Flash Fiction June 2016 – “Glaucus”

Bartholomeus Spranger [Public domain], via Wikimedia Commons
Glaucus and Scylla [Public domain], via Wikimedia Commons
One of my 100-word stories has been published today by John Xero in Issue 12 of 101fiction.com . The theme of this issue is “underwater”.

I love reading the other stories published at 101fiction; the quality is very high, so if you like reading bite size horror, Sci-Fi, fantasy and surreal tales, please check it out.

My story’s title is “Glaucus”and it concerns a lovelorn Greek deity and his unsuspecting crush.

It’s another piece of flash fiction inspired by my day job;  on occasion I have to descend into cable tunnels, deep underground in London, some of which lay under the River Thames and other waterways.

I enjoy being a tunnel rat, but it’s undoubtedly a little unsettling; the damp walls and the occasional squeak of unseen but nearby creatures all add to the atmosphere….

I hope you like the story.

Flash Fiction March 2016 Part III – “A True Story”

Woohoo! Three pieces of flash fiction published in one month, my all time best!

Today I have a new story published on Tim Sevenhuysen’s fantastic  fiftywordstories.com, it’s called A True Story, and it is in fact based on an event in my childhood.

Please have a read of my story, and check out the other great submissions on Tim’s site, including the award-winning flash fiction author Bob Thurber.

Margaret

Flash Fiction March 2016 Part II- “The Poke”

This is just a quick night post to proudly announce that one of my flash fiction stories has been published by Richard Hearn at Paragraph Planet, a brilliant creative writing site that has published one 75-word story every day since 2008. I’m very pleased to have my story featured as the  27th March entry!

Please check the site out, it has an archive of all 1,600 plus stories published, as well as author interviews and bios.

My story’s title is “The Poke”. and it was inspired by my childhood in Belfast, which was vividly brought back to me by the above picture, which I found when adding pins to my Pinterest board And the Buntings Flew.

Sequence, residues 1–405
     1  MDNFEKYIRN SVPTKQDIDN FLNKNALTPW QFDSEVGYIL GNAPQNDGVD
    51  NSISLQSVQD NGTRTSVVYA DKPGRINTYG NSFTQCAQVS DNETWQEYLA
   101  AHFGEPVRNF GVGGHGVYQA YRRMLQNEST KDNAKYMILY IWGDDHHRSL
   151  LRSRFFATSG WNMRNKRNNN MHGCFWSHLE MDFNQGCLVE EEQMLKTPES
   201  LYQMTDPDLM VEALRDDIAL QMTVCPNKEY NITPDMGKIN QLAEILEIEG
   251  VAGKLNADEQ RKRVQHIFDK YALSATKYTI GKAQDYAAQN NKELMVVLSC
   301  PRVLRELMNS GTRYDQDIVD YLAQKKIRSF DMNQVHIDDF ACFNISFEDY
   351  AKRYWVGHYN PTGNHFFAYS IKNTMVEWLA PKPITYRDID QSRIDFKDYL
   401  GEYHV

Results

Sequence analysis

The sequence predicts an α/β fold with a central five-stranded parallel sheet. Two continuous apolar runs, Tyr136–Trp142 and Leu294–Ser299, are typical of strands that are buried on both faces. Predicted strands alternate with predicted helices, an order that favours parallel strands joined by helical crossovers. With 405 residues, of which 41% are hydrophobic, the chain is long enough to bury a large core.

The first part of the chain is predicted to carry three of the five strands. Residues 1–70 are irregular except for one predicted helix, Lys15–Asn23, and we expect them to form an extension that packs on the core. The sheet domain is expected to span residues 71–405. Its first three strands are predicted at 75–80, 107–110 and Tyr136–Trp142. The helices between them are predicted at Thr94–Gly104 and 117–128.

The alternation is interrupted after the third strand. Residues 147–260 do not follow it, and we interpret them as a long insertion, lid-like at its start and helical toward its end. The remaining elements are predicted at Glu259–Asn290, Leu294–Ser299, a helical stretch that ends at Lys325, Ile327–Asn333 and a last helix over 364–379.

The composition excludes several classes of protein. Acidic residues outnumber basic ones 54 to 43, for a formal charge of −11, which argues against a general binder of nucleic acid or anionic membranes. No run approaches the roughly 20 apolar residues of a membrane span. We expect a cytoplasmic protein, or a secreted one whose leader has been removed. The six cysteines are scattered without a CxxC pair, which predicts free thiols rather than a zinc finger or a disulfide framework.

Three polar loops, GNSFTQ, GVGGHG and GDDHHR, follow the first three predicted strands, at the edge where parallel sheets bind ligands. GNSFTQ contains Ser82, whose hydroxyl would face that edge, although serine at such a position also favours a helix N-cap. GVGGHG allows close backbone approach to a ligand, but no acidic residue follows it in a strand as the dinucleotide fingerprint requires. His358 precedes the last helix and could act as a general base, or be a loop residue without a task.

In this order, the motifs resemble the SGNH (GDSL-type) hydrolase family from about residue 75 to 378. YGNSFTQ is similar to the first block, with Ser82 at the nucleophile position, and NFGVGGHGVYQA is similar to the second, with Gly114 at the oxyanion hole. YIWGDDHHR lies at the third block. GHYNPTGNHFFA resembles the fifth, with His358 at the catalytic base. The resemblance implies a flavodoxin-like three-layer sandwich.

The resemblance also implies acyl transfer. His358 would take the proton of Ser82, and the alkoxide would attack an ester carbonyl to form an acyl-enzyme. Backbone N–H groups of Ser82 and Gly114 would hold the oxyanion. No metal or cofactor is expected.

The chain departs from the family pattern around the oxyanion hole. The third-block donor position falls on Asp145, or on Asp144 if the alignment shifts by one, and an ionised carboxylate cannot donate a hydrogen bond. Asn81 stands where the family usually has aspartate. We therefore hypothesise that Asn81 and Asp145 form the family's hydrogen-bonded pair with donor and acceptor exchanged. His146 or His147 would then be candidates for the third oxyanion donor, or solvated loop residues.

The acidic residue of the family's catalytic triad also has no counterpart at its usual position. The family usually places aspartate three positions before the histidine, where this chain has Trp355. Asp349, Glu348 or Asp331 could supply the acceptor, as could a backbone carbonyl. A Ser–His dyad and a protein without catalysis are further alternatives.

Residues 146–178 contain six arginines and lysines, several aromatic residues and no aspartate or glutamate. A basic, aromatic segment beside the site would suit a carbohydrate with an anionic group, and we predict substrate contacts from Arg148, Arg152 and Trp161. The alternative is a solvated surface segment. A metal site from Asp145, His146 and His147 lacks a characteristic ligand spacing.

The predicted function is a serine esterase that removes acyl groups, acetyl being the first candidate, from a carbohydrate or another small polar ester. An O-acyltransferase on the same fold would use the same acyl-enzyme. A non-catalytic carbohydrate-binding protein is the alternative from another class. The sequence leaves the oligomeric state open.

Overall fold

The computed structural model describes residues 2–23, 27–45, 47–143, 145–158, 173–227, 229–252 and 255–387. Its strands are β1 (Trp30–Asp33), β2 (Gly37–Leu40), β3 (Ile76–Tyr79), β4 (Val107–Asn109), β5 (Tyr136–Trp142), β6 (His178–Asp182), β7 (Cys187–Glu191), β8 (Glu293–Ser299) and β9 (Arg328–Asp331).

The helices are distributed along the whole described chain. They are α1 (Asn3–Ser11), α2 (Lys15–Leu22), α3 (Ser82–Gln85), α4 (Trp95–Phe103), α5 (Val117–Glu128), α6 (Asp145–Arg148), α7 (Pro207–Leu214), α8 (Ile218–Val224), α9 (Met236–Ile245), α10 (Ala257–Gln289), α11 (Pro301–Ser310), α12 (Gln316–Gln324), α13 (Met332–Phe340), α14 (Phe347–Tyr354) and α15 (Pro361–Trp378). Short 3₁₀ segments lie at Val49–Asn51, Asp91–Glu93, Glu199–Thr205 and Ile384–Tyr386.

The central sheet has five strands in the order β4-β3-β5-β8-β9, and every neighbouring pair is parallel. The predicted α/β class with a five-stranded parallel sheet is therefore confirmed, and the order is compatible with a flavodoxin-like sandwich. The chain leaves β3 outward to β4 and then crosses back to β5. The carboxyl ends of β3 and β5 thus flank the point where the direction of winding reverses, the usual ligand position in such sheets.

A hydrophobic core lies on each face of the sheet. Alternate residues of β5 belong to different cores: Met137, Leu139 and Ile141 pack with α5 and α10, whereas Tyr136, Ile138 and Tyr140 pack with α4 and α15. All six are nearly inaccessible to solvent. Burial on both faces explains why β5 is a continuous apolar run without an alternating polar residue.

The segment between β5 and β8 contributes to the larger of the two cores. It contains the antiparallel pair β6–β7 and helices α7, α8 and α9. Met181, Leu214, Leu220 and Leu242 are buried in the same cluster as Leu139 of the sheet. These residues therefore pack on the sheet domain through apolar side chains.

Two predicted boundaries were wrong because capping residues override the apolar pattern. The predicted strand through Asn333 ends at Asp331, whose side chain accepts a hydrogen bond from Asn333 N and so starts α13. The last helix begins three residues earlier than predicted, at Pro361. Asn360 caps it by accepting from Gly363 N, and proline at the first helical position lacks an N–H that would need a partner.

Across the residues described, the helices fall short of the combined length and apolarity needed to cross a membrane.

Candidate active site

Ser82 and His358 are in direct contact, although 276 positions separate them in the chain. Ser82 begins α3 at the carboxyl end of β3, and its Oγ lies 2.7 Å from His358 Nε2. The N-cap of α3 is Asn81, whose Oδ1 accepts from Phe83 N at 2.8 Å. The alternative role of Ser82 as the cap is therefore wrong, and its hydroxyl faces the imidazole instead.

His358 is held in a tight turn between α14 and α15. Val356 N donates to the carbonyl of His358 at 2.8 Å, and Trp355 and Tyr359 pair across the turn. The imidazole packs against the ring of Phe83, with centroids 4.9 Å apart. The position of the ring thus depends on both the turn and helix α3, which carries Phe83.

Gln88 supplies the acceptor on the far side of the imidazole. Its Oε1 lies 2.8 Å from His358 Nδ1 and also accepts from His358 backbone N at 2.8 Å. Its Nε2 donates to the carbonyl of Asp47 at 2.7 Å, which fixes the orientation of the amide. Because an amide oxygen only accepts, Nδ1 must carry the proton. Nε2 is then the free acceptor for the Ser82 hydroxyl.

Margaret

Flash Fiction March 2016 – “Wireless”

Electrical plasma globe glass
Diliff Wikipedia – Electrical Plasma globe glass CC BY 2.5, https://commons.wikimedia.org/w/index.php?curid=448163

This is just a quick post to proudly announce that one of my 100-word stories has been published by John Xero at 101fiction.com.

Please check the site out, now in its sixth year online, it has some fantastic flash fiction.

My story’s title is “Wireless” and it is published in the March 2016 issue. The theme of this issue is “air”.

It’s an unsettling little Horror/Sci-Fi tale that’s inspired by my day job; I work in the utility/energy industry and I often marvel at the almost-magical and very scary properties of electricity. Maybe it’s also a mini revenge tale…

What do you think?

It’s Been a While… News (And Micro Fiction Published!) Update

Dear Constant Reader,

Firstly, apologies for this blog being a non-event recently; I’m only just recovering from a particularly long-winded chest infection during which writing of any form dwindled to nothing as my constant phlegmy cough precluded everything but itself.

But I’m back in the saddle – I’m finishing off chapter 6 of And The Buntings Flew; the story is really picking up pace now, and I’m pleased with how it’s going.

Also, I had my very first piece of micro-fiction published!!! You can check it out here at the excellent Fiftywordstories.com. It’s a quirky love-and-redemption story. If you enjoy the story, please feel free to “like” it!

It’s good to be back. I’m writing up an article on finding the motivation to write, and I’m happy to have the bit between my teeth (a couple of horsey metaphors in this post, not sure why!) and a mouse back in my hand again.

Margaret

How Low Can You Go? Novels, Novellas and The Renaissance in Short and Micro Fiction

It had to mean something. And then I meant something, too. Yes, smaller than the smallest, I meant something, too. To God, there is no zero. I still exist!
(The Shrinking Man)